Software Motor Company (SMC) and Ansys are collaborating to accelerate the development of ultra-efficient switched reluctance motors (SRMs) that solve critical noise vibration and harshness (NVH) issues. This will spur adoption of SMC’s advanced motors across many industries, slashing global energy demand via increased efficiency and helping reduce climate change.
Traditional alternating current induction motors drive most of today’s power-hungry machines, which consume over 45% of the world’s electricity. SRMs are much more energy efficient, reliable and durable, but to drive industry adoption, these advanced motors must overcome critical NVH challenges — requiring months of prototype testing and weeks of simulation. An enhanced workflow can greatly compress that development time, ensuring motors run silently, increasing energy efficiencies and decreasing carbon impact.
SMC and Ansys are building an automated, optimized and repeatable workflow for rapid design and analysis of SMC’s Q-series SRMs, engineered for commercial adoption with radically reduced NVH. Leveraging Ansys workflow technologies — including cutting-edge multiphysics simulation and Ansys Cloud — will enable global implementation and adoption of SMC’s advanced motors by companies across numerous industries. As seen in the HVAC industry, this will reduce traditional motors’ energy consumption by up to 64%, helping SMC’s customers save millions of dollars and enabling them to achieve a zero or net-zero carbon footprint.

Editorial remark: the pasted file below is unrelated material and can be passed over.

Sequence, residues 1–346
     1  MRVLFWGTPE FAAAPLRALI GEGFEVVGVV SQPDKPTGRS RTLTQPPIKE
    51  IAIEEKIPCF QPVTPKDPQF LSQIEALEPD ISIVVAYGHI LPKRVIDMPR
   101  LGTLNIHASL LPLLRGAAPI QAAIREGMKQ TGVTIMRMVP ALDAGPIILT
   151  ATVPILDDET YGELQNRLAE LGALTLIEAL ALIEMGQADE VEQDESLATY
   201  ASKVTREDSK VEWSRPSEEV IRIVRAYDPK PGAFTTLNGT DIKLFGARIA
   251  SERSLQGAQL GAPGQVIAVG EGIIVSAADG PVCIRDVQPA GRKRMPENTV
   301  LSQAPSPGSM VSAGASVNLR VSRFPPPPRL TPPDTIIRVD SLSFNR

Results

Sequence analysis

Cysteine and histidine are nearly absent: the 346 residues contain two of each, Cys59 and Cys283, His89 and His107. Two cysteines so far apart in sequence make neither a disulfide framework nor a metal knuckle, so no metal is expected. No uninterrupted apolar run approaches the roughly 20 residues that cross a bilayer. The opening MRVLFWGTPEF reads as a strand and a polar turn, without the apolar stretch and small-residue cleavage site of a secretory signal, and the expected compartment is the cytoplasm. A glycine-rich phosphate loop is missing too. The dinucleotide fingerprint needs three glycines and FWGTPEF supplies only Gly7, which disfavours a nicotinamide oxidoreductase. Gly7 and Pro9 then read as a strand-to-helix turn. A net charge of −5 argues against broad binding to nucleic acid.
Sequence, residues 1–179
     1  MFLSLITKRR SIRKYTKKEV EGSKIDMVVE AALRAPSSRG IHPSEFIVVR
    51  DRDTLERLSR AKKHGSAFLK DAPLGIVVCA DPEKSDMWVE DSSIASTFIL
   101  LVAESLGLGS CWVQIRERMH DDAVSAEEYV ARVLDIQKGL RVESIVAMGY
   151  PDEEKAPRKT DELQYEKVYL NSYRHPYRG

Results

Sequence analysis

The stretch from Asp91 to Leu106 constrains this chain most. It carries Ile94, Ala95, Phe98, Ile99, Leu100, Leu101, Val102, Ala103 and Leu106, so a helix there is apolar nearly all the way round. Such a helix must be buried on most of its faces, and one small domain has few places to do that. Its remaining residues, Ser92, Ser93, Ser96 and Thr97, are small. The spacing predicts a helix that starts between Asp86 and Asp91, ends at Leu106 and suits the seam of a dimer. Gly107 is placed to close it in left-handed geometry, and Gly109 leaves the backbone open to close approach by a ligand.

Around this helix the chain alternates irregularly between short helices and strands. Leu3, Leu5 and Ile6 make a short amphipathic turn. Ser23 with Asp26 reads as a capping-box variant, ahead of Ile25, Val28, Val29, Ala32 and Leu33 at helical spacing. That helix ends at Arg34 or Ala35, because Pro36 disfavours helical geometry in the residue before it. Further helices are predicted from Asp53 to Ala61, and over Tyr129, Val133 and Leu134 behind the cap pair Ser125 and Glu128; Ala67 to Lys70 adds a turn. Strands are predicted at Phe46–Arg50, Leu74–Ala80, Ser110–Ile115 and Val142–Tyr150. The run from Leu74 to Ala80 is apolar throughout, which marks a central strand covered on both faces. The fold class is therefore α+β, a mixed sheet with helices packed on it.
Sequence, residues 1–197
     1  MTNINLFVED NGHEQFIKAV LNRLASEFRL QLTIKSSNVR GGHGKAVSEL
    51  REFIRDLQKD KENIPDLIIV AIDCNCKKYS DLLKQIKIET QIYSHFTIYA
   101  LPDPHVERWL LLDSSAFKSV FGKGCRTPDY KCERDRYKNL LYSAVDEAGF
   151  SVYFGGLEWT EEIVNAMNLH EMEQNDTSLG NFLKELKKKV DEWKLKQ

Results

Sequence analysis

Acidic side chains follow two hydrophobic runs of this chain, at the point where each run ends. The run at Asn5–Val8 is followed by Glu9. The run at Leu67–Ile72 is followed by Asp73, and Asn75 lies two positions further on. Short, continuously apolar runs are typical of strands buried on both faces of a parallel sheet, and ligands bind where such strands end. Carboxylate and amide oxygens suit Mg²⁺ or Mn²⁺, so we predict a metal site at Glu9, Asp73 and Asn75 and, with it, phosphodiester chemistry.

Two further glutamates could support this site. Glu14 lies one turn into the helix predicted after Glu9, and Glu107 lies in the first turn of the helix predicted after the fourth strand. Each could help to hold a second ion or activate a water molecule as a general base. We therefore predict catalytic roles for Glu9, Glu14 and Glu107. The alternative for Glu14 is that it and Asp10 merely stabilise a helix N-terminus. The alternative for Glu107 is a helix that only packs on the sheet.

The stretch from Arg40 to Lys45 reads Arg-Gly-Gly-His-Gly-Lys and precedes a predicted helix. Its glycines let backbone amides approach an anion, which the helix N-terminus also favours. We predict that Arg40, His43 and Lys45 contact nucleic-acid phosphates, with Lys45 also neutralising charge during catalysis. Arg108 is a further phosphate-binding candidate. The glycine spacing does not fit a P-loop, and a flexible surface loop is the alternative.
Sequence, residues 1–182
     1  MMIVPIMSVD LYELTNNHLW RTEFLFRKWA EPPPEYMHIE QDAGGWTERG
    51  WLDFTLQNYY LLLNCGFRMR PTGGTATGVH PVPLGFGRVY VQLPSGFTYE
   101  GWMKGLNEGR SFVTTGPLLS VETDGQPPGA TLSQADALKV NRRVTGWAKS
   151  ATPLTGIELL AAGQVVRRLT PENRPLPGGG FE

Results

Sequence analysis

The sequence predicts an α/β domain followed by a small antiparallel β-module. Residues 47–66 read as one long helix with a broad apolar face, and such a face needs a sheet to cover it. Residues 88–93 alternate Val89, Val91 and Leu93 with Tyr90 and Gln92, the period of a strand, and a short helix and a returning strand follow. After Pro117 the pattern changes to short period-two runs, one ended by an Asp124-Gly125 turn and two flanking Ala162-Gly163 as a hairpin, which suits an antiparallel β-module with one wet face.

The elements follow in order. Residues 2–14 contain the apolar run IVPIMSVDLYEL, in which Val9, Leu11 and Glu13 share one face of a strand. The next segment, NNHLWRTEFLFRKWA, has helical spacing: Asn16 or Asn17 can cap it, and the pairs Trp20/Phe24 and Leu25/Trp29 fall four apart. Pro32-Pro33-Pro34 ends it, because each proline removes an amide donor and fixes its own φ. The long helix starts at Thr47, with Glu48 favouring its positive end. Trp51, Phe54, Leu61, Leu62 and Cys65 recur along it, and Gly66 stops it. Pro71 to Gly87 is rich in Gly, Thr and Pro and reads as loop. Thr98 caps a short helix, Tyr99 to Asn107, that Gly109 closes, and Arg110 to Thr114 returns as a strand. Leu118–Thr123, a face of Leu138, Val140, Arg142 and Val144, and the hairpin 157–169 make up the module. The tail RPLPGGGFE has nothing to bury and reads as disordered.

“With the electrification revolution in full swing, this new state-of-the-art workflow will help us create a highly innovative next-generation SRM — the most sophisticated electric motor design in the world — and deploy it with minimal NVH effects,” said Mark Johnston, president and CEO of SMC. “SMC’s advanced motor adoption across commercial real estate, HVAC, industrial equipment, agriculture, vehicle traction, aerospace and many other industries will play a major role in reducing global energy consumption and improving the environment.”
“Together with SMC, we are rapidly developing SRMs, delivering unprecedented reduced noise levels and enabling wide commercial adoption of these highly efficient motors for the first time,” said Prith Banerjee, chief technology officer, Ansys. “This automated, optimized and cloud-based motor design and analysis platform significantly speeds SMC’s development of next-generation SRMs which promises to disrupt a $100 billion-plus industry and alter how the world consumes energy.”